Flint's water woes continue as new test results show that a large sampling of the liquid coming from local faucets contains dangerous levels of lead and is "very corrosive."

So there's lead in all of Flint's water?

Not exactly. The new test results from Virginia Tech University are somewhat technical and very scientific (obviously), so we'll boil it down for you. The water supply itself is not contaminated with dangerous levels of lead, but it is so corrosive that it leeches the hazardous metal from old pipes that are made of or soldered with it. One of the researchers said, in very plain terms, "The Flint water just ate the pipe up."

How many homes even have lead pipes still?

You might be surprised at the answer. Researchers have begun testing water samples from homes in Flint, and of the 120 they have already tested -- 42% contained levels of lead that indicate "a serious lead-in-water problem." 20% of the samples contained such high levels of lead that they exceed the Environmental Protection Agency's safety limit.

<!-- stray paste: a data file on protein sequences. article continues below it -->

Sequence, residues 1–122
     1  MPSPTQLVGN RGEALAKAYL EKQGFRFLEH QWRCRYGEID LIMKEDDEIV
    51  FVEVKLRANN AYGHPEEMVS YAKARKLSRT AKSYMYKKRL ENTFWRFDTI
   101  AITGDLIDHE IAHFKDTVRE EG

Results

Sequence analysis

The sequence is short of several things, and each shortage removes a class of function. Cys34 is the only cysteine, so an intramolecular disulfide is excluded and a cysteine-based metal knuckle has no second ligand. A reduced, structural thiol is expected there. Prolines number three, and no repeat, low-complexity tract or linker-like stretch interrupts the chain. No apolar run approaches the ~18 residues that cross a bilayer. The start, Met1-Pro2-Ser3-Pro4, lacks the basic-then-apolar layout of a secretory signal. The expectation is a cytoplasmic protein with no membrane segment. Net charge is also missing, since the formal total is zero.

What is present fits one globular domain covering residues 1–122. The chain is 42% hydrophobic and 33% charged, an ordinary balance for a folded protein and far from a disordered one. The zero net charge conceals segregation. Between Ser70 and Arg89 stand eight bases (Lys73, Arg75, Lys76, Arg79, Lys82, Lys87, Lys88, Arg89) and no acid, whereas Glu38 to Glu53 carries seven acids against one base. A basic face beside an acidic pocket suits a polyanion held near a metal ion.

Are there health risks associated with lead-contaminated water?

Absolutely. According to the EPA, "at low levels, lead may cause a range of health effects, including behavioral problems and learning disabilities. Children 6 years old and under are most at risk because this is when the brain is developing. Adults who drink this water over many years could develop kidney problems or high blood pressure."

So what is being done about it?

Currently, not a whole lot. Many residents are urging the city to reconnect to Detroit's water supply, but that would be very costly for something we'd only need for less than a year. Our water will be coming from Lake Huron via the Karegnondi Water Authority pipeline as soon as construction is finished, which could be as early as next June.

How can I find out if my water is safe?

In a statement released yesterday (9/2/15), Mayor Dayne Walling urged residents to use the free, independent water safety testing the city has been offering since spring. The City of Flint website says, "Anyone with water issues is encouraged to call 810-766-7202 so that they can be addressed. Residents wishing to receive a free and independent in-home water test can call 810-787-6537 or email flintwater@cityofflint.com."